Scarecrow: Success, fame, and fortune, they're all illusions. All there is that is real is the friendship that two can share.
Dorothy: That's beautiful! Who said that?
Scarecrow: [modestly] I did.
See more »

Crazy Credits

Fitzstephens, Jack ... Music Editor & Guru See more »

Connections

Referenced in The Cinema Snob Movie (2012) See more »

Soundtracks

Can I Go On Not Knowing?
Written by Quincy Jones, Nick Ashford and Valerie Simpson
Performed by Diana Ross (uncredited)
See more »

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User Reviews

 
Sheer delight.
15 October 2004 | by perylousSee all my reviews

This movie is nothing short of wonderful.

It is not the best movie ever made. It is not technically perfect or flawlessly acted. There are things wrong with it, some more egregious than other movies, some less.

But here's the thing: The Wiz has taken an old, beloved classic of literature and rewritten it just enough to make it completely new. I was as absorbed...if not moreso...with these new characters, reborn into another world, so familiar and yet so unknown, as I was taken in by the original Judy Garland film.

Suspension of disbelief is a necessary ingredient for all storytelling, and the more fantastic the more imagination one requires to enjoy it. Diana Ross too old? So what? I thought she was marvelous, and I thought she perfectly portrayed Dorothy in this alternate universe. In fact, I thought all the actors were terrific.

The story of the Wizard Of Oz has been in my top five favourite stories of all time for as long as I have been alive. I include Diana Ross' The Wiz right up there in an unbreakable tie with Judy Garland's Wizard Of Oz. They are both charming and well told versions of a brilliant literary classic, and they both deserve their due at the top of the food chain as far as fantastic storytelling goes.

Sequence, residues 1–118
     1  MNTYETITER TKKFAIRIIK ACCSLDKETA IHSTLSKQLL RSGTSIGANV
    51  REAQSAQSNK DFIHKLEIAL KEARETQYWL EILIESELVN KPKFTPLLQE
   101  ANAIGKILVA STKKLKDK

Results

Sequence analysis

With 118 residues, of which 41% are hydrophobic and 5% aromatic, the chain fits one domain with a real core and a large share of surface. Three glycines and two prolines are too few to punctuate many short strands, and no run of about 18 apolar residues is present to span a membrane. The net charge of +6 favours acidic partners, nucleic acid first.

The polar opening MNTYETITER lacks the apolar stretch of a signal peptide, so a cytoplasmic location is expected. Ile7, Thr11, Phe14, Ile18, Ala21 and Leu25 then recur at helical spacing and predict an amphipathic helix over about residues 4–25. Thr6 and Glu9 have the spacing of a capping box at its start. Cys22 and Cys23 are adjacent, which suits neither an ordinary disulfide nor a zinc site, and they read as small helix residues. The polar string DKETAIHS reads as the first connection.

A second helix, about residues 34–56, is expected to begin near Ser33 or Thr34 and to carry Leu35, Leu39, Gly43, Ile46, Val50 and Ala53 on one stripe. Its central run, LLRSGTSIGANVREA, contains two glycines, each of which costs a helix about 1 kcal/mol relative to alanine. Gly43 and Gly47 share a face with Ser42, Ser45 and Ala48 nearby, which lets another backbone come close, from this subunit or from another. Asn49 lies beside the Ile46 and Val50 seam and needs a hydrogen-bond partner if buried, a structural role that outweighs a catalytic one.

And I haven't even touched the stunning aspect that an all Black cast chose not only to make this film, but actually rewrite it enough to show the point of view of the lives of the folks who lived in the ghettos and inner cities.

Even today, Black actors must struggle to receive equal treatment in film. Back when this movie was released, accomplishing this film was nothing short of a mind-boggling achievement, and one to be lauded.

I suspect a lot of the bad reputation this film has gotten over the years, especially at the beginning, was because the inherent racism and sexism in the industry was offended that the folks who made this film had the temerity to do so with an all-Black cast. It's happened before, and I'm afraid it will continue to happen until we grow enough intelligence to finally put discrimination behind us at last, and move beyond into a brighter future.

This movie will remain one of my favourite films. I couldn't recommend it any more highly. If you are a child at heart, if you love good stories made new, if you live in the imagination, this film is for you.

Just beware of that subway scene. If your kids are young and/or easily frightened, preview the movie before you watch it with them. It still creeps me out when I see it, and I know a lot of people who still get nightmares from it. But it's one of the best scenes in the film, and a testament to how creative the folks who put the film together were.